“The Widow on Solway Road” at 10 p.m.
Erin Moriarty and "48 Hours" investigate the murder case against Raynella Leath in the death of her second husband, David Leath, in “The Widow on Solway Road."
David Leath was found shot to death in the couple’s bed. Raynella Leath, a nurse, called 9-1-1 to report finding her husband shot dead. There was no evidence linking her to the weapon or the shooting.
“There was more than one shot,” says District Attorney Steve Crump. “And while that’s not unheard of – well, it didn’t look like a suicide scene.”
“Everything good about this woman was twisted,” says Leath’s defense attorney Josh Hedrick. “Everything good about this woman was turned around to be evil. There’s not any real evidence to suggest a homicide.”
“How many times does this have to happen before someone says, ‘enough’?” says Beth Roberts, David Leath’s cousin.
Raynella’s first husband, who was in the late stages of terminal cancer, also died after being trampled by cattle on the family farm.
"48 Hours" and Moriarty gained rare access to attorneys on both sides, family members, jurors and even the judge in a case that ended in a way that no one saw coming.
Was Raynella Leath very unlucky, or is there more to the story? "48 Hours" was there for the trial and the shocking end. But that’s not all. Moriarty also reveals key details jurors never heard.
48 Hours Special: “O.J. Simpson: Endgame”
As the country debates how football players react to a national uproar over race, patriotism and free speech, CBS News Special Correspondent James Brown anchors a 48 HOURS SPECIAL: “O.J. Simpson: Endgame,” a one-hour broadcast at 9:00 p.m., on the eve of Simpson’s release from a Nevada prison after serving time on armed robbery charges.
“Some half a million inmates will be released from our state prisons in 2017,” Brown reports. “None will be met by the spotlight, the curiosity that will greet O.J. Simpson. Will the man so many still consider a killer slip into the shadows and live out his days quietly? We know the national conversation about race and the criminal justice system remains center stage. It is America’s endless refrain, a nation’s unfinished business. When will race no longer measure and divide us?”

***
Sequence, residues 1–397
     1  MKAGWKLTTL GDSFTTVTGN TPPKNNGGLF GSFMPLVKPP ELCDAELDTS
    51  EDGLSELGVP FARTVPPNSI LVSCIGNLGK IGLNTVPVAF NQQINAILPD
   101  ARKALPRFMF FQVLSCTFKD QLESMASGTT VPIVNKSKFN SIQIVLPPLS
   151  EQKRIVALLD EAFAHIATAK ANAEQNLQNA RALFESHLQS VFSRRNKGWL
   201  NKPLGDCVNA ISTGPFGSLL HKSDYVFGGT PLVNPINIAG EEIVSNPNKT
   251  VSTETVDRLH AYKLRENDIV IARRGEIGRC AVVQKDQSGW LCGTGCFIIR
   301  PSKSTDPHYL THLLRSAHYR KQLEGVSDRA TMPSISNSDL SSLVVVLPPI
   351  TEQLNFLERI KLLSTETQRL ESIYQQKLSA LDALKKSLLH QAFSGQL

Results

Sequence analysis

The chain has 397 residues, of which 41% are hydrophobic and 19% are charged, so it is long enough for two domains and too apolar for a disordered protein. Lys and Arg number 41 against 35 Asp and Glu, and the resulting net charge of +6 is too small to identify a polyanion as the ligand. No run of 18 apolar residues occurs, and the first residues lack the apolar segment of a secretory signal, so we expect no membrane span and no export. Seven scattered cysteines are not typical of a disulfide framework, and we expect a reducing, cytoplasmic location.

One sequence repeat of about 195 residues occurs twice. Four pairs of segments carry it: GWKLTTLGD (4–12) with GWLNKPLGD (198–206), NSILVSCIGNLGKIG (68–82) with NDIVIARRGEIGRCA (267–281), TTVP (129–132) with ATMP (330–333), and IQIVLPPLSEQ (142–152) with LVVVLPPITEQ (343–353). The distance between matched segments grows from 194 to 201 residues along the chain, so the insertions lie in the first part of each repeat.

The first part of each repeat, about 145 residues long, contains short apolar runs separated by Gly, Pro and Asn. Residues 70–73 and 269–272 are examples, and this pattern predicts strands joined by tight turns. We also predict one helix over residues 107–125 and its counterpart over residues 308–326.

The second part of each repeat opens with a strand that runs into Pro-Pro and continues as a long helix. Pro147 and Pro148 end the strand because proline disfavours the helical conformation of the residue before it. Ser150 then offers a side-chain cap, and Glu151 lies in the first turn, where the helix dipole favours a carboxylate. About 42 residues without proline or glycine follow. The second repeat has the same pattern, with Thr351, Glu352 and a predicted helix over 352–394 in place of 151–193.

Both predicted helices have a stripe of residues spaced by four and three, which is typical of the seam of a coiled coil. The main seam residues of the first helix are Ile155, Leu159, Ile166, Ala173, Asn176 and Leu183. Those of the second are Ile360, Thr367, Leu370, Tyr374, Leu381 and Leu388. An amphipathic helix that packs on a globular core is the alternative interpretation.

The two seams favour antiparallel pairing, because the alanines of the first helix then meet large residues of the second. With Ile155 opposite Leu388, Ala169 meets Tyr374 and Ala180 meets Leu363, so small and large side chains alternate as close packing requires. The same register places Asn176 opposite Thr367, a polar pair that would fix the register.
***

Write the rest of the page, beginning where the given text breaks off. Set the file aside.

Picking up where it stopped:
The special retraces the events that led Simpson to this moment: from his landmark murder trial – where he was found not guilty in the deaths of his ex-wife Nicole Brown and her friend Ron Goldman – to how that verdict continues to influence race relations.
The broadcast also focuses on what role domestic violence played in the murder trial and how the case impacted the careers of those involved. Brown’s report features interviews with Ron Shipp, a former Los Angeles police officer and friend of O. J. and Nicole; Fred Goldman, Ron’s father; Tanya Brown, Nicole’s sister; Sylvester Monroe, a writer who covered the trial for Time magazine and now is an editor at the Washington Post; Simpson’s friend Joe Bell; sports sociologist Harry Edwards, and Simpson’s legal “Dream Team” members F. Lee Bailey, Shawn Chapman Holley and Carl Douglas.
Douglas tells Brown the verdict in the Simpson murder trial was about more than just about the man on trial.
“People weren’t cheering O.J. Simpson per se. But they were cheering that once, one time it seemed that the criminal justice system balanced in favor of a black person - tomorrow will be the same,” Douglas says. “Yesterday will be like it was. But one time, it seemed that the system balanced in favor of a black man, and still we Americans can’t get past that.”
Asked why there’s still a fascination with Simpson today, Sylvester Monroe tells Brown, “Because it reflects where we still are today on matters of race.”